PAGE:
Sangria has all the makings of summer in a glass. While there is a traditional recipe for this Spanish wine-based cocktail, it offers mixologists the building blocks to create something new. Sangria’s foundation of wine, fruit and liquor is ripe with complex flavors ready to be played with.
A traditional red sangria has red wine, brandy, orange juice and slices of apples and oranges. White wine, sparkling wine and Rosé can also be used in this refreshing drink. Once you’ve settled on a wine, you can customize your sangria with complementary ingredients.
We’ll give you the fundamentals to create your own sangria. When your satisfied guests ask where you got the recipe, simply smile and point to your temple. There are just a few steps between you and sangria mastery.
How to pick a wine for sangria
Before we even get to the wine aisle, let’s talk about quality. You’re about to add juice, liquor, sugar, seltzer and chunks of fruit to your wine. This thought may send you directly to the bottom shelf. Resist this urge! Junk wine makes junk sangria. We’re not advocating for a super pricey bottle, but don’t skip on quality. Look for a reasonably-priced wine that you would enjoy on its own. Sangria is all about melding flavors. Find a wine that will play nicely with your other ingredients.
For red sangria, look for a fruity wine that is dry with good acidity. Avoid wines with heavy tannins as they’ll overpower the mix. Rioja is the Spanish varietal most associated with sangria, so it’s a safe bet. Merlot, Garnacha, Zinfandel, Tempranillo and Pinot Noir are solid options as well.
When crafting white sangria, consider Pinot Grigio, Riesling, Sauvignon Blanc or Chardonnay. A crisp, dry wine will let the fruit lead the way. The same rule should be applied to sparkling wine and Rosé. If you use a sweeter wine, you may want to balance the flavor by leaving out extra sweeteners.
How to pick liquor for sangria
Traditionalists will opt for brandy, but there are a lot of options to transform your wine into a winning cocktail. We recommend looking for a liquor that has similar notes to your wine. Play up peach notes with peach schnapps. Enhance the floral aromas with St. Germain. Rum, vodka and cognac are also good ingredients to play with.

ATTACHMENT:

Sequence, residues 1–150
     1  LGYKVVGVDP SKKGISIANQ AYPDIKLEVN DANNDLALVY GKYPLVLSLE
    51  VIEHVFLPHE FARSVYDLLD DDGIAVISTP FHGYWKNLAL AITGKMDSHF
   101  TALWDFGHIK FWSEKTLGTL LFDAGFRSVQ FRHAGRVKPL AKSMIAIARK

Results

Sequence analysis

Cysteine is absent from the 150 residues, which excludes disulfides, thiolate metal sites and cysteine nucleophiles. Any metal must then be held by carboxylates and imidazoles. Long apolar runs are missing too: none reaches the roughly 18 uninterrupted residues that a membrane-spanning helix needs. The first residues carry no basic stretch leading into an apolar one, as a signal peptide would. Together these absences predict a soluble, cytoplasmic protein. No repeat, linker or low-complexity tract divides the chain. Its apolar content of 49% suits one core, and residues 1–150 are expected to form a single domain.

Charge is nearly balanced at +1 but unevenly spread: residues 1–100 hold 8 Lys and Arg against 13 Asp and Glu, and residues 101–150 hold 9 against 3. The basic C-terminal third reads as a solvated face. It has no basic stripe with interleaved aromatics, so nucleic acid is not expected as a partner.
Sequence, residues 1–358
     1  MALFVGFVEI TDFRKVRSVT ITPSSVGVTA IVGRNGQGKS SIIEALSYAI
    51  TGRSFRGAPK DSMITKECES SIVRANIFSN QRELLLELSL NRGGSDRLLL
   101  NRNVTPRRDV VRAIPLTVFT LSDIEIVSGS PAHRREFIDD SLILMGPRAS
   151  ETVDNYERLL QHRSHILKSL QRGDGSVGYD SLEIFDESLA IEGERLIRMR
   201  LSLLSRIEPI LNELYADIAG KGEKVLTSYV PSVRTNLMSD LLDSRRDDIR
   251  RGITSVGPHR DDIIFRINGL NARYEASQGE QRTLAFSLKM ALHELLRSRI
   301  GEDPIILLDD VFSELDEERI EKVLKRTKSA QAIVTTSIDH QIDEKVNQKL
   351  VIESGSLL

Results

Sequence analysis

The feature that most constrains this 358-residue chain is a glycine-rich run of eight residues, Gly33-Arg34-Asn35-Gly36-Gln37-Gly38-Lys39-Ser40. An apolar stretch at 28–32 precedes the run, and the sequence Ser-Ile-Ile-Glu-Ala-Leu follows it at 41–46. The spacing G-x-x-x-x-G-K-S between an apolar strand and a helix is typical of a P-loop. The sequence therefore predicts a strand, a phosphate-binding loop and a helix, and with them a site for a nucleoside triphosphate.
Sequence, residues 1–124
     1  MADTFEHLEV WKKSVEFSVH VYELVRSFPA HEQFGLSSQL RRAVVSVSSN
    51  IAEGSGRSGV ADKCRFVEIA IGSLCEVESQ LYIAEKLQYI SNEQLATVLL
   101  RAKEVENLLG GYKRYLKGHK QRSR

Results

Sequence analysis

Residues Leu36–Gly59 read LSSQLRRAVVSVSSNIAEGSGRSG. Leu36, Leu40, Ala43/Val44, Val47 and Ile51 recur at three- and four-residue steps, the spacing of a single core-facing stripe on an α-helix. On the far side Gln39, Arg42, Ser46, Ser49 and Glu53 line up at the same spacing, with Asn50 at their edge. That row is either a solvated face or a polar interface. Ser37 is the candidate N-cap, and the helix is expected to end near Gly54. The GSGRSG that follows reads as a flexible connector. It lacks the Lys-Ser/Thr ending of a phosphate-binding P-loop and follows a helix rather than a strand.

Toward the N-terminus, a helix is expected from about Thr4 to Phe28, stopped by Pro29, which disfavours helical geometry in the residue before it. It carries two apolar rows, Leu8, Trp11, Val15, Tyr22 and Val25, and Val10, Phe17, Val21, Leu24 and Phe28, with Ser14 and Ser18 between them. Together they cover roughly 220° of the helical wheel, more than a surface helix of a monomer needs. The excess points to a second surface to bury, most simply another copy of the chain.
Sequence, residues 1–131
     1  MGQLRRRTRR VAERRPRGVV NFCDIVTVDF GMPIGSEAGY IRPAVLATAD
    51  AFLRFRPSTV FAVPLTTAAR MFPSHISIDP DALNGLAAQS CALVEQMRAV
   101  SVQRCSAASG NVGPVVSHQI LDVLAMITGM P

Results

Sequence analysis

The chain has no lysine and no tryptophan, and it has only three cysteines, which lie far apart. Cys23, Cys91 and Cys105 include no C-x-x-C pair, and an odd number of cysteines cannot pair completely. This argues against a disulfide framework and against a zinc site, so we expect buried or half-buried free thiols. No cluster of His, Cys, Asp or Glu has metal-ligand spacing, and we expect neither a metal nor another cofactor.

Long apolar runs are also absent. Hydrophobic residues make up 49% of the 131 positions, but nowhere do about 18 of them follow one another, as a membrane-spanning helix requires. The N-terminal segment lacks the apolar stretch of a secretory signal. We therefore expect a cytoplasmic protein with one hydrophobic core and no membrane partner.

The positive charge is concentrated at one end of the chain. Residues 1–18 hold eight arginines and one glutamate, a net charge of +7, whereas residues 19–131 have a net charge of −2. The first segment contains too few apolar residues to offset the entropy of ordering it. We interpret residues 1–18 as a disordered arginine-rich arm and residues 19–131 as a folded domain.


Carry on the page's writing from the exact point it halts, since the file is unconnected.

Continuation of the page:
The beauty of making your own sangria is you’re the boss. If you like the edge of liquor, pour it in! If you want to cut it a bit, add sparkling water. Don’t like booze? No problem, boss. Leave it out!
How to pick fruit for your sangria
You’ve picked quality wine with a lovely liquor companion. Don’t screw this up with a mealy apple. Fruit is important — both in its flavor and appearance — to this drink. Nice looking, good tasting fruit is the way to go. The fruit you use depends on your wine’s characteristics.
Red sangria usually has oranges and apples. Using citrus and non-citrus fruits will add to the flavor and texture. Oranges and apples also look nice in a punch bowl. Bobbing orange slices and either sliced or cubed apples add to the visual appeal.
Let the wine be your guide. A white with peachy notes is begging for slices of peach. If you detect lemon or lime flavors, use that fruit to bump up the brightness. Strawberries, pineapple, watermelon and grapes can also meld nicely with white wine. In a red sangria you can rely on plums, cherries and pears.
As you develop your own sangria recipe, consider the whole fruit and the juice. If visual appeal is more important to you, sliced fruit will be enough. But if you want to really elevate a specific note, add some juice along with the fruit pieces.
Balance with other ingredients
We’re almost there. At this point, your main ingredients are leading the way. You can use some additions to balance it out. If your sangria is too dry, add a sweetener. The options here are broad: sugar, simple syrup, agave nectar or maple syrup. Conversely, if your wine and fruit are overly sweet, sparkling water can bring your recipe back into balance.
Put it all together
For best results, you should make your sangria in advance so the flavors can meld. It also helps to give the fruit a chance to soak up the alcohol. We recommend at least two hours of resting in the refrigerator.
The exception to this rule is anything with bubbles. Sparkling wine and seltzer should be added right before you serve so the cocktail isn’t flat.
Finally, serve your sangria in a glass pitcher or punch bowl. Your sangria looks great, show it off!
Tell us about your perfect sangria in the comments below!